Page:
Kabul, Afghanistan (CNN) -- The United States gave $860,000 to the families of people in Afghanistan killed or wounded in a shooting rampage that is being blamed on U.S. Army Staff Sgt. Robert Bales, two Afghan officials said Sunday.
The money includes $50,000 for each of 16 people who were killed, as well as $10,000 for each of six who was injured, the provincial council members said.
The American official who handed over the money said it was not compensation, but the U.S. government offering to help the victims and their families, Kandahar provincial council member Haji Nyamat Khan said.
But a spokesman for NATO's International Security Assistance Force, Col. Gary Kolb, said the money was compensation.
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It was not immediately clear if the word used to describe the payment had legal significance in Afghanistan, where "blood money" can replace a trial or punishment of a killer.
Afghans are insisting that the suspect be returned to Afghanistan to face trial, with villagers and lawmakers questioning the U.S. military's account of what happened. But a military official in Afghanistan has said that Bales will be tried in the United States.
Khan, the local official, said the money was paid in Afghan currency and handed over in Kandahar city.
He did not name the American official involved in the meeting.
Bales has been charged with 17 counts of murder, and could face the death penalty if convicted of any of them.
Authorities say Bales left a remote outpost in Kandahar province's Panjwai district early March 11 and went house-to-house, gunning down villagers. U.S. and Afghan officials initially said 16 people died in those attacks.
But Kolb, the ISAF spokesman, said Friday that investigators assigned to the case felt they had evidence to charge Bales with 17 counts of murder.
There was no immediate indication as to where the other fatality came from. Afghan government officials in Kabul have said they have no record of another death.
Nine children, three women and four men from at least four families were killed in villages in Kandahar province on March 11, Afghan officials said.
They were Mohammad Dawood Abdullah, Khudaidad Mohmmad Jama, Nazar Mohammad Taj Mohammad, Payendo, Robina, Sahtarina Sultan Mohammad, Zuhra Abdul Hameed, Nazia Doost Mohammad, Mosooma Mohammad Wazir, Farida Mohammad Wazir, Palwasha Mohammad Wazir, Nabia Mohammad Wazir, Asmatullah Mohammad Wazir, Faizullah Mohammad Wazir, Esa Mohammad Mohammad Husain, and Akhtar Mohammad Murad Ali.
Four children, one woman and one man were wounded in the attacks, according to the charge sheet against Bales.
Bales, who was returned to the United States last week, is being held at Fort Leavenworth, Kansas.
It is not clear whether he will now face a military procedure known as an Article 32 hearing, at which military authorities would determine whether to proceed with charges against him, or whether he will go before a group of experts to determine whether his mental health may be a factor in his defense.
If and when the case comes to trial, Bales' lawyer, John Henry Browne, said, it is going to be "extremely difficult" for the prosecution.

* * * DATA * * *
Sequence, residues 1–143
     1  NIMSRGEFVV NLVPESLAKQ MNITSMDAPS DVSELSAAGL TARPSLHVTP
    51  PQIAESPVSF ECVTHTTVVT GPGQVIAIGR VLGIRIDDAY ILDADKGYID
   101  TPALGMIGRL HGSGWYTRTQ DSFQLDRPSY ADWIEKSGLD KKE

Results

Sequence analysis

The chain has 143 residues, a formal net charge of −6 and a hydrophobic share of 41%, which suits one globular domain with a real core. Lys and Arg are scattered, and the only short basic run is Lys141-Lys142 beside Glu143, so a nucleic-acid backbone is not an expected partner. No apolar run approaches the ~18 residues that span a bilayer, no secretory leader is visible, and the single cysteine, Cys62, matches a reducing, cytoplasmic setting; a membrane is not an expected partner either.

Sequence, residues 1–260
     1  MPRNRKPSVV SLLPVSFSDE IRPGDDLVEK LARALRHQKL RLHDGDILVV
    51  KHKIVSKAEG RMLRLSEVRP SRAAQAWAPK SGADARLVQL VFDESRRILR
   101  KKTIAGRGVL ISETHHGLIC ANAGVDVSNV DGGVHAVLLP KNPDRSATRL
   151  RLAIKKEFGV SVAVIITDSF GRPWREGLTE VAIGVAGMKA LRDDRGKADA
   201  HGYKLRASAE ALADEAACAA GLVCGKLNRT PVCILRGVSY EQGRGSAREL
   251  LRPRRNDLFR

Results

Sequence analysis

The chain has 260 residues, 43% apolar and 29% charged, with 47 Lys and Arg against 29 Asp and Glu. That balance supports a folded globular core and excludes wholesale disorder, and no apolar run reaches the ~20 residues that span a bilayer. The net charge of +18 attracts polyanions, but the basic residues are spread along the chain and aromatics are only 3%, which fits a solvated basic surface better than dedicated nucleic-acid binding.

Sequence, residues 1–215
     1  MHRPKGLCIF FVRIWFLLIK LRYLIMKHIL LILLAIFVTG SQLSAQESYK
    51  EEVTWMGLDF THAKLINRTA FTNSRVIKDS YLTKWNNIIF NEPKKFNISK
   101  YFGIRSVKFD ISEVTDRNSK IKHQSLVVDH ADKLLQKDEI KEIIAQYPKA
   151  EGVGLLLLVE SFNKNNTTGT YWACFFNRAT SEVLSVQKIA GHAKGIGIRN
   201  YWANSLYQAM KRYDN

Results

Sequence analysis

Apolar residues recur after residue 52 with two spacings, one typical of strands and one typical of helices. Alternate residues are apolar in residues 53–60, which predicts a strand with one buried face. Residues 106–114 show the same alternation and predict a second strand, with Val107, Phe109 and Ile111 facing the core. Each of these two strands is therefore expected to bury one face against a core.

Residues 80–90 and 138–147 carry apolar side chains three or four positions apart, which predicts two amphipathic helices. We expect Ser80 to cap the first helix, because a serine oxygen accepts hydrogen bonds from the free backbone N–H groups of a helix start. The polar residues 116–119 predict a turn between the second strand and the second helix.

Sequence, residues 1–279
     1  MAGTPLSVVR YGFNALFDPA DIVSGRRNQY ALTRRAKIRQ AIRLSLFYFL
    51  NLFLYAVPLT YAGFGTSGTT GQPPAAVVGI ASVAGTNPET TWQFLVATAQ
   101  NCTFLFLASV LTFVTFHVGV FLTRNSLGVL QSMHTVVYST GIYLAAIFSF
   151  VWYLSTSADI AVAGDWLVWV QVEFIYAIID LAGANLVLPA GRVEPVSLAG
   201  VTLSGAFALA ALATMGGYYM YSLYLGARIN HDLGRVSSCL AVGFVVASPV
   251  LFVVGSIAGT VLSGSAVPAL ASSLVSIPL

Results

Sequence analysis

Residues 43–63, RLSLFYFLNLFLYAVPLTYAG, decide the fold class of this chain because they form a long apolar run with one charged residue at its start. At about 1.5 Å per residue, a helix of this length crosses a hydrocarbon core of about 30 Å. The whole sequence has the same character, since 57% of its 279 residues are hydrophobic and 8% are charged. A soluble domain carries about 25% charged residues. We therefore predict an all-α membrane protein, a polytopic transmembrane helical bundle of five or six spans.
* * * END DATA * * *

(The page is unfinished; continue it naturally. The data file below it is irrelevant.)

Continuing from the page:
"They have no murder scene, no forensics," the lawyer said Thursday night outside his Seattle office. "I'm going to make them prove every claim."
Military law experts acknowledge that proving the case may be difficult, especially given that there are no autopsies to help prove the cause of death -- in part because those killed were buried quickly, in accordance with Islamic tradition -- and difficulty in getting witnesses to testify.
Gary Solis, a former U.S. Marine Corps lawyer and current Georgetown professor, told CNN that any bullet rounds recovered from the scene could be matched with Bales' weapon -- assuming it was "immediately seized" -- which would serve as "powerful evidence for the government."
The families received around $50,000 for each person killed and about $10,000 for each wounded in the shootings in two villages in Panjwai district earlier this month. "We were invited by the foreign and Afghan officials in Panjwai yesterday and they said this money is an assistance from [US President] Obama," Haji Jan Agha, who said he lost his cousins, told Reuters news agency on Sunday. The US embassy directed all questions to the NATO-led International Security Assistance Force (ISAF) which is fighting the war in Afghanistan. An ISAF spokesman said he was in not in a position to either confirm or deny whether compensation was given, and if so how much. Lieutenant Commander Brian Badura said that as a matter of policy ISAF does not make restitution for losses resulting from combat, combat-related activities or operational necessity. "Individual troop contributing nations may participate in some form of restitution consistent with the cultural norms of Afghanistan," he said. "Settlement can come in a number of forms which may (be) but is not always financial." "As a settlement of claims in most cases is a sensitive topic for those who have suffered loss it is usually a matter of agreement that terms of settlement remain confidential."